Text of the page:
Living in Crete
Guide to Living in Crete Book
Living in Crete, Greece
So what is it really like living in Crete, or on any other Greek island?
The most important thing to consider is that Living in Crete is not the same as spending a holiday in Crete.
The chances are that if you live in Crete you won't be spending all day at the beach (if you are working) or eating out every night (few can afford to do that anywhere on a full time basis!).
The Greek Island of Crete may be a recent property hotspot for some seeking to escape the rat race but for me Crete has been home for more than 20 years. In the last twelve years or so the island has seen an influx of building and there are now quite a number of Brits in Crete, as well as other Europeans, having packed up and moved for a new life in the sun. Now that Europe has opened up its borders to allow free movement, with few living and working restrictions across EU countries, more and more people are seeking to 'live the dream.'
Cretan culture is unique and can take a little getting used to, while the laid-back Greek lifestyle is not without its frustrations when living in Crete (as opposed to holidaying).Take bureaucracy, for example, which seems to have been refined into an art form and often requires endless patience as you wade through a mountain of red tape to get anything done.
So before selling up, packing up and heading overseas to live in Crete make sure that you have done your homework. Those who have thoroughly researched the full implications of living in Crete have a better chance of success than those who jump right in without looking. If you are selling up everything at home and moving lock, stock and barrel with a family to live in Crete you need to be better informed than the single traveller who can drift along from job to job and head home whenever he/she feels like it.
Moving to Crete - the main considerations
- Winter Living in Crete. If you have only spent time on Crete during the summer months then consider spending a few months during the winter in Crete when the resorts close down and when the weather can be COLD and very wet. The best advice is to RENT first before buying property. This way you'll discover how you really feel about living (not holidaying) in your chosen area.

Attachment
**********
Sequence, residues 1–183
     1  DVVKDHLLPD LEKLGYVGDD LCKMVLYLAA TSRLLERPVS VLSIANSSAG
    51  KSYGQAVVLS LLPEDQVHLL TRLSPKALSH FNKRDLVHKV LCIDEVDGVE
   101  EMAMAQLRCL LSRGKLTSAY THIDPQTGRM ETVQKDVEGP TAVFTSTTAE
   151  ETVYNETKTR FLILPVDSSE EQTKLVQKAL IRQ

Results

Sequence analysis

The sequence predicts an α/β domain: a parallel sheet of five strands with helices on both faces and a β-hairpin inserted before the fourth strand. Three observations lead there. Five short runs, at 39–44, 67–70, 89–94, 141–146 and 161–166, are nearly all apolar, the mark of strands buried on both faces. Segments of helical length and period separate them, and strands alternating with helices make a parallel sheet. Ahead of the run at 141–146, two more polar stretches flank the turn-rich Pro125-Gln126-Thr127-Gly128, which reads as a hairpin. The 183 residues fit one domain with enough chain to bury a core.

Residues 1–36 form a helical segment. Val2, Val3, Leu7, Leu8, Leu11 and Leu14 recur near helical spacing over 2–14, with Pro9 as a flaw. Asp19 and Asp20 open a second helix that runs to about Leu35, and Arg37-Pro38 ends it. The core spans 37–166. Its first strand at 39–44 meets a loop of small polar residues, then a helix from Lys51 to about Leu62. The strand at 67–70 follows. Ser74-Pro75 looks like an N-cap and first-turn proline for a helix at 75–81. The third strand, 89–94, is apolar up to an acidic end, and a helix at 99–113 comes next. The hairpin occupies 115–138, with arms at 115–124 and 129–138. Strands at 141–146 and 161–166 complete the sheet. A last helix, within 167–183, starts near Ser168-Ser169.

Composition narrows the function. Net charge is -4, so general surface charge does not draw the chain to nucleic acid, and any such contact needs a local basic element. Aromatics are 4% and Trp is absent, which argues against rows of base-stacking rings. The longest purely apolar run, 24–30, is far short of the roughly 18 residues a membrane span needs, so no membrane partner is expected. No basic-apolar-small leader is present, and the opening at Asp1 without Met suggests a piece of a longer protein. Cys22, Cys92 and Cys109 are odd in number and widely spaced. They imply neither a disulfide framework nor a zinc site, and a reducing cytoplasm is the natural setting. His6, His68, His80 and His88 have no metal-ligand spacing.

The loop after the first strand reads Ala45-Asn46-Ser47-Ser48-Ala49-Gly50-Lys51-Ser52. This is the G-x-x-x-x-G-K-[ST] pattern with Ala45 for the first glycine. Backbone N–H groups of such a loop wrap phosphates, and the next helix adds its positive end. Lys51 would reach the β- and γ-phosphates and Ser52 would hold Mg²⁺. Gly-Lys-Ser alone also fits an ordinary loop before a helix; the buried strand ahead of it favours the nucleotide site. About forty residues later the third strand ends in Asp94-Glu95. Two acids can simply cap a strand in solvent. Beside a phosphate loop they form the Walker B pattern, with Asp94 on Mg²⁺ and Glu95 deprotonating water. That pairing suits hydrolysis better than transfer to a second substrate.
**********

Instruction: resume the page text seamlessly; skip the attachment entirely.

- Cost of Living in Crete. Check out the cost of living in Crete - it may be higher than many imagine and if you are exchanging pounds or dollars for euros (e.g. if you have an income from home or a pension), remember that currency fluctuations will impact your income. As an example of living costs, petrol is around 1.40 euros per liter (Jan 2016), and the VAT rate stands at 23% on most goods and services. More cost of living in Crete figures can be found here
- Children & Schools in Crete. There is only one full time school in Crete which teaches lessons in languages other than Greek. It is the European School, based in Heraklion, and lessons are taught in English, French or German. The school currently accommodates children only up to the age of 12 years. If your children are over this age, or you live outside of the Heraklion area, then you must consider how children will cope in Greek school - particularly older children and young teens who speak little or no Greek. How will they fit in and learn? Generally older children won't. Do you really want to follow a dream at the expense of your childrens' education?
- Retiring in Crete. If you are receiving a pension in another currency (e.g. GB pounds or US dollars)be aware that exchange rate fluctuations can affect your income. Those who wish to retire in Crete should also check out health insurance - EU citizens are covered under the reciprocal agreement as pensioners, but if you are taking early retirement you may not be entitled to health cover until you reach state retirement age, which means that some form of private medical insurance is a must.
- Finance & Working for a Living in Crete. How are you going to support yourselves? If you are relying on working for a living be aware that full time, year round jobs are virtually non existent in Crete for non Greek speakers. The majority of jobs are seasonal, in tourism - April to October, or teaching English in language schools -September to May. Wages are low - a minimum wage is around 520 net in 2015/2016 (reduced under the ongoing Greek austerity measures).
These are just a few of the main points to consider. Others may be health issues, cultural differences, language problems and missing family or friends.
It is important to learn about the local cultural traditions and etiquette of the Cretans and Greeks, as well as learn some of the Greek language if you wish to integrate. Cultivating friendships and contacts - with both Greeks and expats - is important to avoid isolation.
Copyright © 2008 - 2016 Carol Palioudaki All rights reserved
Further reading and information about living and working in Crete and Greece can be found at the links below.
Living & Working Abroad - Further Information Links
- Living in Crete - The website and book
An informative detailed guide and book for Living, working, retiring, buying property in Crete and Cretan culture.
- Working Abroad: Find Volunteer Work Abroad in Over 150 Countries
Voluntary Work Information Service - information on all volunteer work opportunities in over 150 countries worldwide in the environmental & humanitarian sectors
- Britons Living Abroad
Government website information for Britons moving Abroad
Beautiful Chania, Crete
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